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Neural Bases of Multimodal Integration in Children

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How can we grasp what children understand?

An EU-funded project set out to discover how and whether children can comprehend and process a speaker’s gestures and speech that is addressed to them.

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Children learn language in a multimodal environment as their caregivers interact with them in various modalities such as eye gaze, gesture and speech. Given that gestures often carry information relevant to the accompanying speech, they are an important medium for children to understand speakers’ messages. The task at hand This led to ChildGesture, a research project undertaken with the support of the Marie Curie programme. It combined the efforts of Dr Kazuki Sekine, a postdoc Marie Skłodowska-Curie fellow, Professor Asli Ozyurek, project coordinator, and the Multimodal Language and Cognition lab. ChildGesture investigated if children are able to understand and process gestures and speech, including the way they do this. Prof. Ozyurek explains: “We aimed to answer this not only through children’s behavioural responses but also by examining, for the first time, their neurocognitive processing of semantic information from gesture and speech using neuroimaging techniques such as electroencephalography (EEG).” While adult brains show certain responses, known as the N400 effect, “there is a lack of understanding on brain signatures for multimodal semantic integration for children,” adds Prof. Ozyurek. The project also sought to uncover, behaviourally, whether and how children benefit from gestures in the context of disambiguating noisy speech. Key discoveries First, 6 to 7-year–old Dutch children were presented with clear individual action words simultaneously with matching or mismatching iconic gestures while EEGs were recorded. An N400 effect was found comparing mismatching to matching conditions, showing that children integrate multimodal semantic information at the neural level as adults do. “In a follow-up experiment we asked if and how children benefit from iconic gestures in disambiguating noisy speech compared to adults,” explains Prof. Ozyurek. Participants were presented with action words in different noise levels in three conditions – speech only, speech + gesture and visual only – and were asked to say what they heard. Accuracy results showed that adults were better than children in speech-only – degraded conditions – and visual-only conditions. But in speech + gesture conditions, children reached adult levels of degraded speech. “Thus, in adverse listening conditions children ‘need’ multimodal input to reach adult levels of unimodal speech comprehension,” reports Prof. Ozyurek. Furthermore, both adults and children were faster in speaking their responses in multimodal conditions. Gestures might thus provide a link between comprehension and production systems. Next steps The project is currently recording EEGs from children listening to degraded speech with or without gestures. “This will give us insight into where and how a child’s brain is adult-like in combining multimodal signals and also how they maintain unimodal or multimodal information in their memory after watching the videos,” explains Prof. Ozyurek. Further, ChildGesture wants to replicate its studies with children with cochlear implants who require more visual input than those who are not hearing impaired, especially in noisy contexts. Another next step is to conduct this study with younger children, to see if multimodal integration is a developing trait or an inborn bias of our brain. Finally, the team would also like to replicate this study with bilingual children. “More information on our studies can be found on the website Brain Imaging of Multimodal Communication in Development, adds Prof. Ozyurek.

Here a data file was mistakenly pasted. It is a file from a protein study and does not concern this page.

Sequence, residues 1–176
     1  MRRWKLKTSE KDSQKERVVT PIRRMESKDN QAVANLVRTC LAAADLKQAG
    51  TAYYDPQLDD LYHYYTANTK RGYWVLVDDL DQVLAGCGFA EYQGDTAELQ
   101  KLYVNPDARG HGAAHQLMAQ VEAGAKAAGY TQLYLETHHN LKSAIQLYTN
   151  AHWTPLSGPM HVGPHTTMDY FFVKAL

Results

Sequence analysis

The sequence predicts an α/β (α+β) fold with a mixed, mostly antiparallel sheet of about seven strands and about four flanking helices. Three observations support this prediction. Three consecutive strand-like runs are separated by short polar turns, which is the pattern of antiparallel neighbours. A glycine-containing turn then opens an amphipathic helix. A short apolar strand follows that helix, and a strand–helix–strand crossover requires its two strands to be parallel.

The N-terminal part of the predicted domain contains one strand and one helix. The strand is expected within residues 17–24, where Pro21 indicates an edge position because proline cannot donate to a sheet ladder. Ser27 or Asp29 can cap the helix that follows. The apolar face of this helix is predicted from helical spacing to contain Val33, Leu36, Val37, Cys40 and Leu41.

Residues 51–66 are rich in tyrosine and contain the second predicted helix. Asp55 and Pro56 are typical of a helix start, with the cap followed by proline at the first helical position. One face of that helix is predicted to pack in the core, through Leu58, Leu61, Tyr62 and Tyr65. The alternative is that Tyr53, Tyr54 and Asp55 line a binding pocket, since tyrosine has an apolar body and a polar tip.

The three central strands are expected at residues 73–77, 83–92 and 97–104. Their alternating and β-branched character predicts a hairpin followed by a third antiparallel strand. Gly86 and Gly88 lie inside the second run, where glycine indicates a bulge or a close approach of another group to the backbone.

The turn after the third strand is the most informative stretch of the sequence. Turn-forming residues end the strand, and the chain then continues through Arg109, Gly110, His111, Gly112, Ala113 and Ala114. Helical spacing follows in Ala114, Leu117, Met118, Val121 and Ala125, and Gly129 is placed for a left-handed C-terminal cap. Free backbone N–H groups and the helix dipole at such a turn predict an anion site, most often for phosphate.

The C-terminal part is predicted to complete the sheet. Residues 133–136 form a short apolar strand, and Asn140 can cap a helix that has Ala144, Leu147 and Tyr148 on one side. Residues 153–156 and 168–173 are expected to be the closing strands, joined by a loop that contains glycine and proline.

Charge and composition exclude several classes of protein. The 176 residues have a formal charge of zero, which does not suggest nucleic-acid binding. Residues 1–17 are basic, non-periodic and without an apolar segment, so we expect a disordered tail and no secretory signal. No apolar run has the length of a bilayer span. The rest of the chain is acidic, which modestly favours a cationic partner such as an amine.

ChildGesture, children, gesture, speech, multimodal, EEG, language, neurocognitive processing, electroencephalography, unimodal

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